In our country there is a trend to limit the political price the State would have pay with regard to ETA prisoners, arguing that political circumstances will have changed and that the ultimate goal of peace demands it. Hence, certain tactical moves by ETA, among them the announcement of the halt in its terrorist activities within a context of weakness in which the reactivation of assassinations would not be very profitable, could pave the way for a scenario in which, under the pretext of changed ‘political circumstances’, the essential principles of democracy and of the struggle against terrorism would be abandoned, including the dictum included in the resolution of Congress that ‘violence does not have a political price’. This is what would happen if the separation of powers, on which our democratic system is based, were ignored in order to afford penitentiary benefits with the excuse that certain measures are politically unavoidable if the ‘peace process’ is to move ahead.

Analysis and assessment of the initiatives adopted in Northern Ireland show how mistaken it is to relinquish the objective demands that would clearly prove a terrorist group’s unmistakable will to put an end to violence. They also confirm the need to corroborate that the government is rigorously fulfilling its promises regarding the verification of a total disappearance of the terrorist organisation, without granting concessions to its political wing that would permit it to carry on. As a result, disarmament and total dissolution respond to realistic and practical demands that should be satisfied and rigorously corroborated prior to contemplating any discussion about prisoners and other political issues –such as the removal of the ban on Batasuna– which would prevent the terrorist organisation from coercing the other parties involved. This model would given an incentive to Batasuna to demand from ETA its genuine disappearance and would facilitate the restoration of consensus among the main democratic parties.

It is true that certain declarations made by political representatives insist that the ‘absence of violence’ should be clear in order to progress in the so-called ‘peace process’. Such public declarations should be upheld, avoiding the temptation to gradually lower demands, despite any previous appearance of firmness. Thus it can already be seen how Batasuna has been attributed peaceful intentions and a certain detachment from ETA, despite evidence to the contrary, to the point where it has even been suggested that its legalisation would be possible merely with a formal declaration against violence. This would allow a political party inextricably linked to ETA to find a verbal formula that would enable it to overcome its illegitimacy despite maintaining its links with the terrorist organisation, thus mocking the anti-terrorist policy that first led to its being declared illegal. Those proposing this approach in the event of perceiving an apparent distancing between Batasuna and ETA, seem to assume a certain ‘ambiguity’ to be effective and necessary in order to advance the so-called ‘peace process’. This is the same mistake that was made in Northern Ireland, where ambiguity became destructive. It was based on the incoherent behaviour of the British and Irish governments even though, initially, they did establish demands of Sinn Fein, demands which seemed firm at the time they were imposed, only to be gradually abandoned. This dangerous lack of consistency has seriously damaged the credibility of both governments, weakening their authority and, by contrast, benefiting Sinn Fein, by transmitting the message that the party –recognised by all as the political wing of a still active terrorist group– can condition political normality despite failing to comply with democratic rules. At the same time it has facilitated its electoral growth by signalling to the voters that the strengthening of Sinn Fein ensured the maintenance of the IRA’s cease-fire.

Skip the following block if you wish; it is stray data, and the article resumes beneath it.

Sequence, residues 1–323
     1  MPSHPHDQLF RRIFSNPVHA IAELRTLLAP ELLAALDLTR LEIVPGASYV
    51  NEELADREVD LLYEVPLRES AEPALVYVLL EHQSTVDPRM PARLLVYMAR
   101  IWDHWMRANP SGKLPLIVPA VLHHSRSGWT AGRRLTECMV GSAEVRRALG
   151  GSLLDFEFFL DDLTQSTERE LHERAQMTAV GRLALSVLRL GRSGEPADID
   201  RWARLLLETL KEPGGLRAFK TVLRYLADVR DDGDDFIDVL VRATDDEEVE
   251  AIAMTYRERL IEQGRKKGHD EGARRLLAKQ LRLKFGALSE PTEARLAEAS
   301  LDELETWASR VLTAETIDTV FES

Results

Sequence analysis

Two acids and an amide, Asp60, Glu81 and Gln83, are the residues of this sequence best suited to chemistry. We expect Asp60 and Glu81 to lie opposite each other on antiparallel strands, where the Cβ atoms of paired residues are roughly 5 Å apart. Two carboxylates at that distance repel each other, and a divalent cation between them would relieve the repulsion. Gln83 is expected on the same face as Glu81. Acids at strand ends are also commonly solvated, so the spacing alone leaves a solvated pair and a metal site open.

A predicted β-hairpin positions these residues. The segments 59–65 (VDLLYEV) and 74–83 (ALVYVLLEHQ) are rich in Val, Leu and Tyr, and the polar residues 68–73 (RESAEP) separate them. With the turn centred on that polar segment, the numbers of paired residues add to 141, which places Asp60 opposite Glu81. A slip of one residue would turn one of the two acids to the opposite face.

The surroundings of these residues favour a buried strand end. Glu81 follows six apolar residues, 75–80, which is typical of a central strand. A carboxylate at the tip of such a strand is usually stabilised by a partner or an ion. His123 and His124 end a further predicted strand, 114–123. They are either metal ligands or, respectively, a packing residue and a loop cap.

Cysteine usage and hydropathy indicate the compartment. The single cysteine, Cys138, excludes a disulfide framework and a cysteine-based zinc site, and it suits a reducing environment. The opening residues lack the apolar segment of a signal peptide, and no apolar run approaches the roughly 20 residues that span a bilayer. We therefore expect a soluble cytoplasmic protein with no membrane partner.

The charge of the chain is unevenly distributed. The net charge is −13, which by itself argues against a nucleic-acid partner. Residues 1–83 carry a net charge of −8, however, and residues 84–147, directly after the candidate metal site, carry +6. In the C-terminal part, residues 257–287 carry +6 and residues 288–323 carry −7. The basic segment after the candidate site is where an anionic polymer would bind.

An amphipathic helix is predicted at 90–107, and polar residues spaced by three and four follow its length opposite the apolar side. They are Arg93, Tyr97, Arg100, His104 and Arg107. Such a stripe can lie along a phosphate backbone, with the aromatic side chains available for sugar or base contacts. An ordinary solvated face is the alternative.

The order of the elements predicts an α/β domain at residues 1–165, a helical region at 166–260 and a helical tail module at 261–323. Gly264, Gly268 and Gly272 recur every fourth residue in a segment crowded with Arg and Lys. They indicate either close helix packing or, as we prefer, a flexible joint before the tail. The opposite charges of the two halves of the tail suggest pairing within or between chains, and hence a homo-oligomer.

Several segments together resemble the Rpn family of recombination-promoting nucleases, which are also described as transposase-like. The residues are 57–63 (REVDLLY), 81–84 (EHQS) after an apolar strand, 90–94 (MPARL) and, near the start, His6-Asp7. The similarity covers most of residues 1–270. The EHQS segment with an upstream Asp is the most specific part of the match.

Rogelio Alonso
Professor of Political Science at the Rey Juan Carlos University